New World Park
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In 1923, Ong Boon Tat and Ong Peng Hock set up New World Park, the first of the three amusement parks that coloured Singapore's night life from the 1920s to the 1960s. New World was located at Jalan Besar, bounded by Serangoon Road, Kitchener Road and Whampoa River. The park was sold to Shaw Brothers which acquired a 50-percent interest.
During the Japanese Occupation, New World was renamed Shin Segal and turned into a gambling farm opened only to civilians but not Japanese soldiers.
New World closed in 1987 when Shaw Organisation sold the freehold site to City Developments. Work to build a condominium and an eight-storey mall on the site was planned to start in late 2004.
Malay men were drawn to New World by Bunga Tanjong which hosted bands playing Malay tunes to the beat of ronggeng or asli interspersed with cha-cha or rumba. On some nights, they would also threw in the twist and the rock 'n roll. Men could buy a 50 cent ticket for a dance with the ladies. The early birds would secure the best dancers or their favourite ones and also got seats nearest to the dancing girls. On some nights Bunga Tanjong could pack up to 500 people. The popularity of Bunga Tanjong inspired acclaimed playwright A.Samad Said to write a well-received play on the life of a cabaret girl, entitled Lantai T. Pinkie (T. Pinkie's floor).
Four artistes or athletes were household names in New World; striptease queen Rose Chan, wrestler King Kong, strongman Ali Ahmad (better known as Mat Tarzan) and boxer Felix Boy. Rose Chan and King Kong were controversial for their stunts; the former wrestled pythons during her shows while the latter, a Hungarian-born giant whose real name was Emile Czaya, once ate a whole goat to promote his fight.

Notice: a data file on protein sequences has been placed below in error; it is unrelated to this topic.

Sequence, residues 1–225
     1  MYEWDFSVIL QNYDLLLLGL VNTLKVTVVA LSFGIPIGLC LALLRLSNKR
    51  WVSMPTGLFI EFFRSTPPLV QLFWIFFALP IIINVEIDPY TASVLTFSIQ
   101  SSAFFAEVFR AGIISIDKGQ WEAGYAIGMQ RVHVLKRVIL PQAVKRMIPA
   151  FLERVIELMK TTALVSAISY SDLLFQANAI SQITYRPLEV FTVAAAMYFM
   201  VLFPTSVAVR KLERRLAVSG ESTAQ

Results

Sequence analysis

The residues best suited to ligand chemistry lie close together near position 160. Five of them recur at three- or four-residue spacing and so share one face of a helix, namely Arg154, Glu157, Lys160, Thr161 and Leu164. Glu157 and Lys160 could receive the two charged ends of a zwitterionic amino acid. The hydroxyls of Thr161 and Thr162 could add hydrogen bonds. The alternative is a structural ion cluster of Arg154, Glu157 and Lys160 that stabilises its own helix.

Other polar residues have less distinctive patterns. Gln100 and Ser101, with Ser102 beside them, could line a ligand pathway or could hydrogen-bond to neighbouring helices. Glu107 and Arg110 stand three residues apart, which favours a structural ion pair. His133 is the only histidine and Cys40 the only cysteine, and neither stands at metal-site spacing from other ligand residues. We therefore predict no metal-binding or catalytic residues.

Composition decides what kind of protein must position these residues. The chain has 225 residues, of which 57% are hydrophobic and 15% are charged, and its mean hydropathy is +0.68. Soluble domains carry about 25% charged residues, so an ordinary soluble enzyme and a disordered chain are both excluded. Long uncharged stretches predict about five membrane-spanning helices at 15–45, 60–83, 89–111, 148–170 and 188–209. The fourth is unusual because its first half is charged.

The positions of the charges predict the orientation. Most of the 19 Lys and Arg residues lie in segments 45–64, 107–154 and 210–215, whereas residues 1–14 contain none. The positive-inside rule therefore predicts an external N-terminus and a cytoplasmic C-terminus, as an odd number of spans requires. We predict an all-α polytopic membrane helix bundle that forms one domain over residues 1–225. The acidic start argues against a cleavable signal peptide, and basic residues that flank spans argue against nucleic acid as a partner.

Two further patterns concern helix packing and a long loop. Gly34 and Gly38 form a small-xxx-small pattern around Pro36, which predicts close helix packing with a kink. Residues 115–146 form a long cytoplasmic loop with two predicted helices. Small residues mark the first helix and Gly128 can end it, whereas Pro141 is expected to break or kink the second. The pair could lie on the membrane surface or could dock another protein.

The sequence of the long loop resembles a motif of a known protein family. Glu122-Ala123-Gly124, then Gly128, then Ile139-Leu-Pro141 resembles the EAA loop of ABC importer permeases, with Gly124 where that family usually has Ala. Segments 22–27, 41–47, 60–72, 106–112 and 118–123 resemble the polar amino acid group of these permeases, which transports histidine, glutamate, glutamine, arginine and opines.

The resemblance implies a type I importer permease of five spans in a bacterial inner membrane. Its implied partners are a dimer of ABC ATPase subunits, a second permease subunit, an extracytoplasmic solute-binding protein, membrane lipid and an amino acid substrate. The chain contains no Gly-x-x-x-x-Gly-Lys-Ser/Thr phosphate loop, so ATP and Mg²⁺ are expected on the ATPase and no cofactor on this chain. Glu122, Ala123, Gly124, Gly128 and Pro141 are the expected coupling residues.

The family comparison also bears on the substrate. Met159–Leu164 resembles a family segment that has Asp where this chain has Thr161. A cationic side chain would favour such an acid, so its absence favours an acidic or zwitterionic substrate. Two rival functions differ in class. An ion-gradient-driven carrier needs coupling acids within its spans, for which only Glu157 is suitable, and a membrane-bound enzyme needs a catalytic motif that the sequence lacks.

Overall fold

New World faded from the night scene after the 1960s, a fate that affected the other two "worlds" - Great World and Gay World. In April 1987, City Developments bought New World's 42,252.1 sq m site from Shaw Organisation for S$35 million. The major development on this site is the City Square Residences condominium.
(Call no.: RSING 959.57 TYE-[HIS])
Chan, K. S. (2000, June 12). Worlds of fun in the past. The Straits Times.
CityDev's Kitchener project to start in Q4. (2004, January 29). The Business Times.
CityDev outlines plans for New World site. (1992, October 13). The Business Times.
Feng, C. (2005, February 9). Whatever happened to...Sakura Teng. The Straits Times.
Ismail Kassim. (1990, September 14). Joget days are here again - and its' full house almost every night. The Straits Times, p. 31.
Jeman Sulaiman. (1988, August 3). Bunga Tanjong - once the fun seeker's haven. The Straits Times.
Lee, K. L. (2004, February 6). New World has colourful history. The Business Times, Letter.
New World Parks original gate to front new park. (2005, April 14). The Straits Times.
Phan, M. Y. (1995, June 9). Three Worlds and a time when life is a cabaret. The Straits Times, Life, p. 8.
Rashiwala, K. (2006, June 8). CityDev scores another residential coup. The Business Times.
The information in this article is valid as at 2006 and correct as far as we are able to ascertain from our sources. It is not intended to be an exhaustive or complete history of the subject. Please contact the Library for further reading materials on the topic.